You achieve the ultralight horse camping goal through a process, not an event. Don’t feel like you are a failure if you cannot meet some arbitrary weight goal. Apply the following tenets of ultralight backpacking to horse camping.
- Weigh your current gear.
- Replace aging gear with a lighter version.
- Gradually make changes.
- Find items to eliminate.
Use these points to make gradual changes. Any change you make is progress. Just like a diet, focus on the weight you’ve lost, not how much you have left to lose.
So do I practice what I preach? Yes.
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The Old Ways
Read About to see why I choose to move toward ultralight camping gear.
I am far from “UL”, but moving steadily toward that goal. I started out with the idea of making my camping experience as much like home as possible. You know…glamping. I began to question this way of thinking.
I used to make a super comfortable camp site, but it took two hours to transform a two-horse, straight-load, bumper-pull trailer into my glorious “whinnybago”. Don’t get me wrong; I had a lot of fun, but I spent more time working than playing.
The New Way – Ultralight Horse Camping Goal
I began the steps toward the ultralight horse camping goal by replacing a few things with lighter versions as my gear wore out. I also changed out my sleep system with the one I was using for backpacking.
Lighter Cook System
When car camping, I still love to pull out the dutch oven and make an awesome meal. I also had a Coleman Classic Propane Stove. When my Coleman died, I replaced it with a BRS Ultralight Titanium Stove. I use a Snow Peak Titanium Single 600 Wall Cup instead of a larger pot, such as my dutch oven.
Lighter Refrigeration System
Most of the time, I now take freeze-dried foods, which require no refrigeration. I could reclaim all the weight of the dorm refrigerator that I had in my trailer. These days, I use a very small cooler to ensure I keep the weight down when I need to take a small amount of perishable food. Because I sometimes carry this small cooler, we will only consider the weight difference between the refrigerator and the cooler and not a camp with no refrigeration.
Lighter Sleep System
I still bring the bunk cots when I have a guest sleeping in my trailer. When it is just me, I use a hammock with a bug net and straps. This not only brings the weight down significantly, but also the setup time is a fraction of what is was before.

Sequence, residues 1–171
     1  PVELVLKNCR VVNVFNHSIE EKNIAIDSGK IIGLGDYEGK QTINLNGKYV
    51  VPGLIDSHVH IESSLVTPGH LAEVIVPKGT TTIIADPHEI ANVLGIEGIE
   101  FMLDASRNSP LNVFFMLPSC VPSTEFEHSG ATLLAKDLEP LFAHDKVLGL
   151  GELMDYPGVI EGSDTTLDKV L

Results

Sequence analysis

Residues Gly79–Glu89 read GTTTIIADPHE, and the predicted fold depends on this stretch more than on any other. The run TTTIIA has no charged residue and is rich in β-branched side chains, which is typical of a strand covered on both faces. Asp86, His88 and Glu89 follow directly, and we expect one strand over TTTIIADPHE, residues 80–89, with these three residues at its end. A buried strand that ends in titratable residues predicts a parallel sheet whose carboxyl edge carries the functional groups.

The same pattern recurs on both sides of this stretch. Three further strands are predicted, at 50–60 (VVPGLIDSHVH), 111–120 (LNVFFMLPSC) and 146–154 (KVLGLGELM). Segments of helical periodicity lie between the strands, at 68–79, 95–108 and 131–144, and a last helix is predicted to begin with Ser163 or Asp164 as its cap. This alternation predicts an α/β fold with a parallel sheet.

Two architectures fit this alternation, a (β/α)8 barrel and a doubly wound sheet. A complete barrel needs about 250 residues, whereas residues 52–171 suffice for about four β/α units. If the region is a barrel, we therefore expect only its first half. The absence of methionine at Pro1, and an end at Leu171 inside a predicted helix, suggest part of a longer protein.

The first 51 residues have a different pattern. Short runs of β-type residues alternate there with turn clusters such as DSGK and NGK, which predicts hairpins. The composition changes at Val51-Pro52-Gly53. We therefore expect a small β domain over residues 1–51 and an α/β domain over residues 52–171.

Lighter Horse Containment
There are times when my portable corral is still appropriate. To further my ultralight horse camping goal, I now use my HiTie Trailer Tie System whenever possible. This takes up so much less time and space. My horse is quite comfortable with more room to move around than a stall. The only disadvantage of the Hi-tie is that I can feel him move around at night.
Because the Hi-Tie is installed on my trailer, I only have to worry about the weight of the attached bungee tether.
Lighter Food and Water
It is impossible to estimate my weight savings where food and water are concerned.
I am no longer hauling cases of bottled water. I now use my BeFree filter instead.
Freeze-dried food weighs considerably less than the rehydrated version or canned foods. This is now my preferred menu selection.
Total Savings So Far
Taking all of the these changes into consideration, I have saved this much weight so far. Almost 400 pounds!
|Category||Old Item||Old Item Weight in Ounces||New Item||New Item Weight in Ounces||Weight Savings in Pounds|
|Cook System||Dutch Oven, not including lid stand and lid lifter||320||Titanium Pot||6.4||19.60|
|Cook System||Coleman Stove||185.6||BRS Stove||0.9||11.54|
|Horse Containment||Portable Corral||3360||Hi-Tie Strap||96||204.00|
|Refrigeration||Dorm Refrigerator||1123.2||Small Cooler||57.6||66.60|
|Sleep System||Bunk Cots||1184||Hammock, Net, and Suspension||52.32||70.73|
|Water||Case of Bottled Water||440||BeFree Filter||3.2||27.30|
|Total Weight Savings||399.77|
Make a few changes to your gear. Track the weight difference and compare it to the benefit of carrying any extra weight.